It’s important to understand that with Crohn’s disease, surgery cannot cure the disease, even when the inflamed part of the intestine is removed. In fact, about 50 percent of people with Crohn’s disease will see the disease come back to another part of the intestine within 5 years after surgery. However, having surgery can help relieve symptoms for years once medications are no longer effective.  

Taking immunomodulators or aminosalicylates after surgery may help reduce the chance of the disease recurring. If the disease does return, it can often be treated with medication.

What to Do If You Need Surgery for Crohn's

If you face the prospect of having surgery, it’s important to give it your full consideration if your doctor recommends it. Surgery is not just a last-ditch effort to control the disease. It can be an important part of your treatment plan and greatly help improve the quality of your life. Here are some things you can do to help ease your concerns:

  • Learn all you can about what type of surgery is recommended, why it is recommended, and what your other treatment options may be.
  • Learn what to expect before, during, and after surgery.
  • Ask your doctor what you can and can’t expect as a result of the surgery.
  • Ask for a second opinion. You should not hesitate to ask for another opinion if you want one.
  • Talk with people who have had the same type of surgery to find out about their experiences.

Once you’ve considered your options, you can make an informed decision. Surgery should not be taken lightly, however, it may be the best option to help relieve your symptoms and help you live a fuller life.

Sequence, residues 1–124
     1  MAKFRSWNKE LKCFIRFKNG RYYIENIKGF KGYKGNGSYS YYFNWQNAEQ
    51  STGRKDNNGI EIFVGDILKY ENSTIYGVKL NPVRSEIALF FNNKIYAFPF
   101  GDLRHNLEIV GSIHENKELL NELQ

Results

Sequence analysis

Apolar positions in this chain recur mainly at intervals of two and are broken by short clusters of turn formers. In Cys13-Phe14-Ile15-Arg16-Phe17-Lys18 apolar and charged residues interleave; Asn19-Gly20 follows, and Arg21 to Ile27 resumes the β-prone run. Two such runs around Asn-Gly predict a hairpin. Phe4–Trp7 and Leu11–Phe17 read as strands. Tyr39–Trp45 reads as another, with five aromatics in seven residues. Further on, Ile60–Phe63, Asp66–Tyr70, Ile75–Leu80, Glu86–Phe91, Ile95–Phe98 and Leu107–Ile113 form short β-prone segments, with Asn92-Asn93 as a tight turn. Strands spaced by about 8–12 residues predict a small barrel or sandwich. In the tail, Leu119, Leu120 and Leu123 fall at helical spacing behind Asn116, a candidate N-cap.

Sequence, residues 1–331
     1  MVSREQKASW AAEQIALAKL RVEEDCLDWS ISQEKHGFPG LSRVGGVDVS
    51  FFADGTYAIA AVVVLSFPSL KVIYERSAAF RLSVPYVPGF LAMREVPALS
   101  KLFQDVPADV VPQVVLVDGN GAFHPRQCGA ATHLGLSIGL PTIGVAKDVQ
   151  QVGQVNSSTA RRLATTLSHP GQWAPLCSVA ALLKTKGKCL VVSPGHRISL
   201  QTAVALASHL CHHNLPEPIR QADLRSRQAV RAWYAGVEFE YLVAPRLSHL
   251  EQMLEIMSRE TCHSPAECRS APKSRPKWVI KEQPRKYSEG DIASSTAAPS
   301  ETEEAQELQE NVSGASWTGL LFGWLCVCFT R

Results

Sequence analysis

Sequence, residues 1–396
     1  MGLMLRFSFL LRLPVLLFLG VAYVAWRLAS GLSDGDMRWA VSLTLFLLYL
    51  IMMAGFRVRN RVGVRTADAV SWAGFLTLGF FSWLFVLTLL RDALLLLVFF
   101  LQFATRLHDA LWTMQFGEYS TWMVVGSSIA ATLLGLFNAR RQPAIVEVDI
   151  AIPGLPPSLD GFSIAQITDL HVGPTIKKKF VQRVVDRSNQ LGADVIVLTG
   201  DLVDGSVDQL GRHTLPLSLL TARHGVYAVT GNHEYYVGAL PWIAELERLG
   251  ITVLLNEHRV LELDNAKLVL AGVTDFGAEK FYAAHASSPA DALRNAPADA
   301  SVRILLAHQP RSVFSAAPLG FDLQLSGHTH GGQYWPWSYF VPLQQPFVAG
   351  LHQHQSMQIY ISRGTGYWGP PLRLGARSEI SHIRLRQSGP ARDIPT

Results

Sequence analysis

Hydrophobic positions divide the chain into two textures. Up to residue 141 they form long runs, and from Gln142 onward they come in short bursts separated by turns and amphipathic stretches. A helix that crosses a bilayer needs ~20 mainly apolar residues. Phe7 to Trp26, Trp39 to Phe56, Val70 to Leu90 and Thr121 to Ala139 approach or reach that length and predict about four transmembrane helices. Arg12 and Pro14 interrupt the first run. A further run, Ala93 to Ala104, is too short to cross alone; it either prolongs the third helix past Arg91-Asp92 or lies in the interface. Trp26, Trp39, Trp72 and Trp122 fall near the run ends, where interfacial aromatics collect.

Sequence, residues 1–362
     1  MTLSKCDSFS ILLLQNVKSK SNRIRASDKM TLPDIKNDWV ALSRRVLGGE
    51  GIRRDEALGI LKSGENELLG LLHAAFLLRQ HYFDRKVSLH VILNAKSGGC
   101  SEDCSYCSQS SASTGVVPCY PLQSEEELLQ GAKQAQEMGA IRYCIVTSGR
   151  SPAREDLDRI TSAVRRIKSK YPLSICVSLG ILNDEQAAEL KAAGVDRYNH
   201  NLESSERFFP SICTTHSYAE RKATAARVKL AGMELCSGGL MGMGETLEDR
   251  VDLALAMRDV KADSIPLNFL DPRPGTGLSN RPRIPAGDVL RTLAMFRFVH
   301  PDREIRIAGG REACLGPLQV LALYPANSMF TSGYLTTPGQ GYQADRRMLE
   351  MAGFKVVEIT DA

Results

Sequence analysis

Maintenance Therapy for Crohn's

After you have entered remission, you will start maintenance therapy. The goal is to keep your symptoms from returning for as long as possible. Many of the same drugs used to help control flares are also used for maintenance therapy. Which medication or combination of medications your doctor recommends will depend on:

  • What your symptoms are
  • Where your Crohn’s disease is located
  • Whether you experience any side effects
  • Whether you have had surgery

Antibiotics, 5-ASA medications, immunomodulators, and biologics are all used to help maintain remission.

It is much easier to stay in remission than it is to get the disease under control in the first place. Here are some steps you can take to help maintenance therapy work for as long as possible:

  • Always take your medication as directed by your doctor. Don’t skip doses or take less than recommended. If cost is a factor, talk with your doctor. He may be able to put you in touch with programs that offer free or discounted prescription medications.
  • If you smoke, join a smoking cessation program. Smoking makes Crohn’s more active and may prevent remissions.
  • Avoid taking aspirin and nonsteroidal anti-inflammatory drugs such as ibuprofen (Advil, Motrin) and naproxen (Aleve), as they can irritate the stomach and trigger disease flares. Don’t take any other prescription medication, OTC drug, nutritional supplement, or natural remedy without first talking with your doctor.

To help manage occasional bouts of cramping, diarrhea, or joint pain, your doctor may suggest the use of certain over-the counter drugs:

  • Medications to stop diarrhea
  • Acetaminophen (Tylenol)

However, because these drugs can hide symptoms of a disease flare, it’s important to consult your doctor before taking them.

Crohn's: Looking to the Future

“Over the last decade, treatment improved dramatically with the introduction of biologics. That forward progression has slowed somewhat in the last few years, but there are a lot of hopeful new treatments in the pipeline. I think we will continue to find biologics that are quite effective. And in the near future, we are refining the use of current therapies to more effectively treat Crohn’s disease,” says Joshua Korzenik, MD, assistant professor of medicine at Harvard Medical School. Korzenik is the director for the Crohn’s and Colitis Center at Massachusetts General Hospital in Boston.

There is no question that living with Crohn’s disease is a challenge. But the future looks bright as researchers from all over the world focus on understanding more about this complex and mystifying condition.